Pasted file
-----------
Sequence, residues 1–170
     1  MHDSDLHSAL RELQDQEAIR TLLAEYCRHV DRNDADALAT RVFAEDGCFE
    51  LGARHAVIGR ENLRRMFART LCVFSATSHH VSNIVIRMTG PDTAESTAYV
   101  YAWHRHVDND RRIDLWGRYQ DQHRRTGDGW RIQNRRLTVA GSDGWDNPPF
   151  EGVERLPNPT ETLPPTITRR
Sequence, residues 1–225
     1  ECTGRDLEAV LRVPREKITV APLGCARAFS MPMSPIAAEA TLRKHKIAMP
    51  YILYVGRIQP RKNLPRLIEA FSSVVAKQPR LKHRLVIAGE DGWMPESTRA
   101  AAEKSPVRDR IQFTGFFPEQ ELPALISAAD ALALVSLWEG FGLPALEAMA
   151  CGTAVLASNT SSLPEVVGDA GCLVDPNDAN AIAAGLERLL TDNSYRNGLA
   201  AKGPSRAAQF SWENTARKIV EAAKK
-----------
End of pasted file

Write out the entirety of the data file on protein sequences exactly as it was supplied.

Sequence, residues 1–170
     1  MHDSDLHSAL RELQDQEAIR TLLAEYCRHV DRNDADALAT RVFAEDGCFE
    51  LGARHAVIGR ENLRRMFART LCVFSATSHH VSNIVIRMTG PDTAESTAYV
   101  YAWHRHVDND RRIDLWGRYQ DQHRRTGDGW RIQNRRLTVA GSDGWDNPPF
   151  EGVERLPNPT ETLPPTITRR
Sequence, residues 1–225
     1  ECTGRDLEAV LRVPREKITV APLGCARAFS MPMSPIAAEA TLRKHKIAMP
    51  YILYVGRIQP RKNLPRLIEA FSSVVAKQPR LKHRLVIAGE DGWMPESTRA
   101  AAEKSPVRDR IQFTGFFPEQ ELPALISAAD ALALVSLWEG FGLPALEAMA
   151  CGTAVLASNT SSLPEVVGDA GCLVDPNDAN AIAAGLERLL TDNSYRNGLA
   201  AKGPSRAAQF SWENTARKIV EAAKK